4. Wash the zucchini and chop into large chunks.  Add into the TMX bowl and coarsely grate 3-4 seconds speed 4.

5. Add in the ham and olives and parsley and chop for another couple of seconds speed 4.  Don't chop it too fine though.

6.  Add in the 5 eggs, the apple cider vinegar and the grated parmesan and mix well 5 seconds, reverse speed 3-4, or until well mixed

7.  Add the almond meal, arrowroot, salt and bicarb soda and mix reverse speed 4 for 5-10 seconds until well combined.

8.  Pour into the tin and sprinkle with the pepitas.

9. Bake 30-35 mins or until the top starts to turn golden and a skewer comes out clean.

10. Remove and cool on a wire rack.  Allow at least 5 mins before slicing.

11. Freeze leftover slices between sheets of baking paper to stop sticking.


French Toast:  Dip both sides in a mixture of beaten egg and a dash of milk.  Heat a little olive oil or coconut oil in a frying pan over medium-high heat and cook the egged toast for about 2 mins on each side or until nicely browned.  Serve with guacamole.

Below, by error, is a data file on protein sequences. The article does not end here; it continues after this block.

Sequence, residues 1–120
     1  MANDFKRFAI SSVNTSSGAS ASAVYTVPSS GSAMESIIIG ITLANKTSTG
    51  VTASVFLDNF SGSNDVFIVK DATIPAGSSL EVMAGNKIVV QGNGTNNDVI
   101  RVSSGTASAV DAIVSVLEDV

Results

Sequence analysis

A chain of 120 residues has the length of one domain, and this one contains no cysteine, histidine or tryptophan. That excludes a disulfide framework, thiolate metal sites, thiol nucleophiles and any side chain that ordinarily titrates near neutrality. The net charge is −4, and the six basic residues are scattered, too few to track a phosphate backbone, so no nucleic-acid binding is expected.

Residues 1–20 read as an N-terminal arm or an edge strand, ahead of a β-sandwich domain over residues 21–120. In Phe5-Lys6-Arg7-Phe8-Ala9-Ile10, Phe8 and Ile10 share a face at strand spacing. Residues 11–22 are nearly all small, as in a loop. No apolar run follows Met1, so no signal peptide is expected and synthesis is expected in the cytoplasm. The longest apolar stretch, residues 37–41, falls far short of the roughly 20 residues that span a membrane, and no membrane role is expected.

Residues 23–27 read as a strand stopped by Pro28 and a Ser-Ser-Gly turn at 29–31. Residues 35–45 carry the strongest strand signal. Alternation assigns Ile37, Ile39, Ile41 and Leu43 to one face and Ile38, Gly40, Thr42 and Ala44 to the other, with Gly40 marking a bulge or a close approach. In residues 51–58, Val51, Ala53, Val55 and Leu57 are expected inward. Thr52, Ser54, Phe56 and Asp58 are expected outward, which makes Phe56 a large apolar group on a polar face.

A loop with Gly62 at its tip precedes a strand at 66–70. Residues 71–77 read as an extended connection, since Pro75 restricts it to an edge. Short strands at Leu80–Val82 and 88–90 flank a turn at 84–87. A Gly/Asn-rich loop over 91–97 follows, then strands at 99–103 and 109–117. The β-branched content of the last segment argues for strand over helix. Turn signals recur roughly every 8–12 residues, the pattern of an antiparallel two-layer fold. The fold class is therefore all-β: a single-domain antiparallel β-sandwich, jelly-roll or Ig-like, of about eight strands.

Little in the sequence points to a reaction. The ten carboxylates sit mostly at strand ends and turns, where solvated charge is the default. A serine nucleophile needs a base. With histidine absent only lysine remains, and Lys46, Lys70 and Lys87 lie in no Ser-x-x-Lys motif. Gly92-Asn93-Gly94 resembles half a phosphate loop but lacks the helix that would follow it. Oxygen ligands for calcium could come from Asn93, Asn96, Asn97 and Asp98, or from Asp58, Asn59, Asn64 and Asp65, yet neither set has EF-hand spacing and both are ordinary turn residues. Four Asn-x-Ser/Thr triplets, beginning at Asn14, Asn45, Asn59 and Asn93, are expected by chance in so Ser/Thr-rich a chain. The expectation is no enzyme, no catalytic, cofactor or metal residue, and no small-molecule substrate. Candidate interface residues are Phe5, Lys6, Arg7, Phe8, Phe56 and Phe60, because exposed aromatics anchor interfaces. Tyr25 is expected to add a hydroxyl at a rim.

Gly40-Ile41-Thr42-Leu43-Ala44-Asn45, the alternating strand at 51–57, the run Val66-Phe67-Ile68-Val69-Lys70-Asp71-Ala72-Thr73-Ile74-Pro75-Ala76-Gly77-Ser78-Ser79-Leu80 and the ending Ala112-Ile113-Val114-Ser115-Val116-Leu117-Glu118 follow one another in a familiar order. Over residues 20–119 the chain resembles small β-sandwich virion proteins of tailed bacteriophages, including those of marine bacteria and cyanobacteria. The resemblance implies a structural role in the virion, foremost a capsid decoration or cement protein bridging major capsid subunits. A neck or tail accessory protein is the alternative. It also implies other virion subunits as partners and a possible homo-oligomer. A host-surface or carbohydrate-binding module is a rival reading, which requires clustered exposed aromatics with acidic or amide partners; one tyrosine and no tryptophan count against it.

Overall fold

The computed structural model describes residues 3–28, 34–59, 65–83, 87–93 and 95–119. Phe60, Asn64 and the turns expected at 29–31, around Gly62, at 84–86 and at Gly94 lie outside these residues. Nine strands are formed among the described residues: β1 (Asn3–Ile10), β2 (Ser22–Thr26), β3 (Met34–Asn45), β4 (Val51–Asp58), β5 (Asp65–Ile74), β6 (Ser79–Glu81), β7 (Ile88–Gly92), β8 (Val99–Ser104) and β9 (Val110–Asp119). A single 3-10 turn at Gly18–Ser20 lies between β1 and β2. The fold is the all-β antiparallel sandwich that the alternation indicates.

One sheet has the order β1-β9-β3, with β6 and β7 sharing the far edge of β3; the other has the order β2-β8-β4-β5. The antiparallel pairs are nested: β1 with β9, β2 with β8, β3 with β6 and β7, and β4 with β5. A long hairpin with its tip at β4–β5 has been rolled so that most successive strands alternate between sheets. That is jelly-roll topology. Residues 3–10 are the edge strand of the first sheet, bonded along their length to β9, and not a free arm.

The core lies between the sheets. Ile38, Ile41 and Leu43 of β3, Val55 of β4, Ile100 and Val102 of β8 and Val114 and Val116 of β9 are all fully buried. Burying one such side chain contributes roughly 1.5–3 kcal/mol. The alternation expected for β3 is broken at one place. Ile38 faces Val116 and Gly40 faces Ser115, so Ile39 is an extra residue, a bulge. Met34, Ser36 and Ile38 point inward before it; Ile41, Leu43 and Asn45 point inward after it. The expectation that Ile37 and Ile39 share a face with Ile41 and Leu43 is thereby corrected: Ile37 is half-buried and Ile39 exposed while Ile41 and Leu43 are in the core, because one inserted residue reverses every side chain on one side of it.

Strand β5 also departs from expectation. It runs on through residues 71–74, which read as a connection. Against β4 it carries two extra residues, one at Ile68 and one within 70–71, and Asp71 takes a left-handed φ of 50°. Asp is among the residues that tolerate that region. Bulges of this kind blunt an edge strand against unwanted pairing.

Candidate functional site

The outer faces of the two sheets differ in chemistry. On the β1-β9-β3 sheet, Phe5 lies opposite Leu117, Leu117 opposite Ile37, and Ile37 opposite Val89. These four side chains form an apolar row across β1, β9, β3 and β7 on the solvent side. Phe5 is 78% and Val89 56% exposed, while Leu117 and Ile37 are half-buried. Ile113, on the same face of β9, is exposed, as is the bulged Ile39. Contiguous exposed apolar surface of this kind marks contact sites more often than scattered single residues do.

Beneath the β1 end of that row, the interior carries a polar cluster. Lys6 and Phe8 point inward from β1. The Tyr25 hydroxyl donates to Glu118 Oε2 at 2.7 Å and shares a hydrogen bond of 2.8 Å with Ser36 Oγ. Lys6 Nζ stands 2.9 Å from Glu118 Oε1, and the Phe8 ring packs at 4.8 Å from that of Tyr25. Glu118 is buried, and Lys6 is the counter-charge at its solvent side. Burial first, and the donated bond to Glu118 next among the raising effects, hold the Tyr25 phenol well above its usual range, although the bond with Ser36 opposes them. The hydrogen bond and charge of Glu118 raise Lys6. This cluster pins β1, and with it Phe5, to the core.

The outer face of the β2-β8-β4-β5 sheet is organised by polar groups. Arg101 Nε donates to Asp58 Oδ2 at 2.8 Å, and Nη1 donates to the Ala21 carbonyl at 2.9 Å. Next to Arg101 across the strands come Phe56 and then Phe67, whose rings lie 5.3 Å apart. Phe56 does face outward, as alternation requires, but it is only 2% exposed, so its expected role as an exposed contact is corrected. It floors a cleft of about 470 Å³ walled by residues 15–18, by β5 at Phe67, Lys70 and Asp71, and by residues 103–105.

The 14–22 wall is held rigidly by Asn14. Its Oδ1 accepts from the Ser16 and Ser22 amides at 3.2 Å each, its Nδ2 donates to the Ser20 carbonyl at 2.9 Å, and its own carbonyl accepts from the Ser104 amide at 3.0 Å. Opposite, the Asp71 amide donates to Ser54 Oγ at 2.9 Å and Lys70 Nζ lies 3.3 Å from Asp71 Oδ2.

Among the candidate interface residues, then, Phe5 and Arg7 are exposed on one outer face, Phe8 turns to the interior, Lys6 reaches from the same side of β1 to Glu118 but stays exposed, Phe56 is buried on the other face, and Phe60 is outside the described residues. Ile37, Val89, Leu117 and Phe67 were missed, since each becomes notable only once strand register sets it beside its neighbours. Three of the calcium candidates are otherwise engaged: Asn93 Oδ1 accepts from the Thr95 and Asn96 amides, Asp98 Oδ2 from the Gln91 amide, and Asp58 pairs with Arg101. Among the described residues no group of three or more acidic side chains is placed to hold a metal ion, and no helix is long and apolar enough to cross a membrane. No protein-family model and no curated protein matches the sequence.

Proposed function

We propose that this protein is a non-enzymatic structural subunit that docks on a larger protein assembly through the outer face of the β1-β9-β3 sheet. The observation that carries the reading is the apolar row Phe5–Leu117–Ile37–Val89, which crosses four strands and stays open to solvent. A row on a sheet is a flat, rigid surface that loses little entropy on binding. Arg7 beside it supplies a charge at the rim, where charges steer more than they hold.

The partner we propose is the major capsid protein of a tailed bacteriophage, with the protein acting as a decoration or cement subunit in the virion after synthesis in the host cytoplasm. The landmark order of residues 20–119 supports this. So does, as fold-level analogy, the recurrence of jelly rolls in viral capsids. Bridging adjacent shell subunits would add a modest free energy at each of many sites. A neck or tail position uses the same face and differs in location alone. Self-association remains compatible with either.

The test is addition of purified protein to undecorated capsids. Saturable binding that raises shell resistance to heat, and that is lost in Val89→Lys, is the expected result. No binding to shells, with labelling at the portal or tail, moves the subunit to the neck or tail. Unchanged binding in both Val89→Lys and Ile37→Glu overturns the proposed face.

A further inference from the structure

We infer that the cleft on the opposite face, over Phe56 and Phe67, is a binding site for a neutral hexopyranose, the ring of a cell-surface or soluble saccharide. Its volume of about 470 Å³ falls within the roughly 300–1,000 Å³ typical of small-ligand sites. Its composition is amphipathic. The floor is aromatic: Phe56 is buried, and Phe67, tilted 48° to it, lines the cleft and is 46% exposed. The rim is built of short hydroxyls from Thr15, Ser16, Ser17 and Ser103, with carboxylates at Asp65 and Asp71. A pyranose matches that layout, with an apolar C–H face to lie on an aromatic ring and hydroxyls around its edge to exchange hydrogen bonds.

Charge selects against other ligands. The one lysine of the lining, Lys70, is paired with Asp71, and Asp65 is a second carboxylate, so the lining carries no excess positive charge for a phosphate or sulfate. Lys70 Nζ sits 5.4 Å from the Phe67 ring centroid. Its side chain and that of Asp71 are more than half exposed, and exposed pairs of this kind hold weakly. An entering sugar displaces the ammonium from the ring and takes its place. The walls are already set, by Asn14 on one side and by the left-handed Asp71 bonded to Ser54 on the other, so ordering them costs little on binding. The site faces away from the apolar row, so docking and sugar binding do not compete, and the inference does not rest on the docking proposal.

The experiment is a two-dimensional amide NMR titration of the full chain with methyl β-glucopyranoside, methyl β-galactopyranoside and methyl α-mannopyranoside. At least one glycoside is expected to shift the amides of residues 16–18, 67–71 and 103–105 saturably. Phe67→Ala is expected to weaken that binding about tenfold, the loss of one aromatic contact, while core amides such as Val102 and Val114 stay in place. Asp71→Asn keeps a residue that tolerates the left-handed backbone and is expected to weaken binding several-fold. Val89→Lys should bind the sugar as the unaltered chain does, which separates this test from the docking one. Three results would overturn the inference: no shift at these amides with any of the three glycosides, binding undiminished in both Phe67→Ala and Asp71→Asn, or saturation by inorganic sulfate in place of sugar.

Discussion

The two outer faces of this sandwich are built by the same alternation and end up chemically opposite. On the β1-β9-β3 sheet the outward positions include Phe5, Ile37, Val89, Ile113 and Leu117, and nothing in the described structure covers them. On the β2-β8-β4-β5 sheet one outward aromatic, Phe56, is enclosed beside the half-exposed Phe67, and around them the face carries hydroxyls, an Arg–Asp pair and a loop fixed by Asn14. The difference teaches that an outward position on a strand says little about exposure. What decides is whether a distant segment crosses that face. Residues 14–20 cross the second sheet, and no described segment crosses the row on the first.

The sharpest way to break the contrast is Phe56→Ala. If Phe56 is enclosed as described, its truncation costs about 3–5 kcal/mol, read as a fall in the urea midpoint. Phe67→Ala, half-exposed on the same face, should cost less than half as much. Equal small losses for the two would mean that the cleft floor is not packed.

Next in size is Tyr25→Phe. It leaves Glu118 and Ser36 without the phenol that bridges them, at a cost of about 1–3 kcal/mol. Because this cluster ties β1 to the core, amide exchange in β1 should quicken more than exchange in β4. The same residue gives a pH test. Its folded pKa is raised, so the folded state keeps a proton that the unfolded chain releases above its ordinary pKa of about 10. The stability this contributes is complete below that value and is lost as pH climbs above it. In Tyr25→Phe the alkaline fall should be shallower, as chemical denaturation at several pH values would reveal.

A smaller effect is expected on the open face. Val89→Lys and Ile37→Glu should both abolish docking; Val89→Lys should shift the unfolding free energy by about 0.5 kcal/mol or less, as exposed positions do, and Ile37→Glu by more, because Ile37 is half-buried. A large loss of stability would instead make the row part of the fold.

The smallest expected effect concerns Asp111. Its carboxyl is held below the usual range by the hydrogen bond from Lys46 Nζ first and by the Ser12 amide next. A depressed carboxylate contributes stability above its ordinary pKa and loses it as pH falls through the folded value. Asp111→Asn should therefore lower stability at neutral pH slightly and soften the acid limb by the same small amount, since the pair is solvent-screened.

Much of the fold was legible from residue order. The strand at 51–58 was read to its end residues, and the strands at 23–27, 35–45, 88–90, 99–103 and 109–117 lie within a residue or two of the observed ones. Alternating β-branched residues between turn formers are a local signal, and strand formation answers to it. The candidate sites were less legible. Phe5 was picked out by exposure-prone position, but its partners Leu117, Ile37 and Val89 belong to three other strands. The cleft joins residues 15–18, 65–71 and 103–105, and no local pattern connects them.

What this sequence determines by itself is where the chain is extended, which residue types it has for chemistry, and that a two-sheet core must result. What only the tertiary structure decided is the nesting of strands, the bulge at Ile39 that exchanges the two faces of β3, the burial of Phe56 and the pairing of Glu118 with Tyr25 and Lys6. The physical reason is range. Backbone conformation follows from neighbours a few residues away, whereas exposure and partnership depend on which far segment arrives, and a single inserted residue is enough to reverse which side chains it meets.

Variations:  for vegetarian, just leave out the ham. Could also add in sundried tomatoes or roasted capsicum.

Spice Mixes / Pulled Pork Marinade
« on: January 20, 2014, 08:11:14 am »
This recipe is a combination of a few I found on the web, but based mostly on the one from "Not Quite Nigella" - recommended by Wonder and Katiej  ;D.
After making the marinade / sauce, you can cook the pork in a slow cooker, the oven or pressure cooker.
After cooking the meat, the sauce can be reduced down if needed to pour over the shredded meat.

1 onion
2 cloves garlic
200 grams tomato sauce (ketchup-type sauce)
180 grams water
60 grams apple cider vinegar , can use white vinegar or lemon juice
1 tablespoon brown sugar
2 tablespoon worcestershire sauce
1 teaspoon salt
1 teaspoon paprika - can replace some or all of this with smoked paprika
1 teaspoon dried mustard powder
1 teaspoon chili powder, or to taste
teaspoon freshly ground pepper
teaspoon ground cumin
Pinch smoked paprika, or more to taste.

1. Mince onion and garlic in TMX speed 5 for 5 seconds.
2. Add all other sauce ingredients and cook 20 mins, 100 degrees, speed 2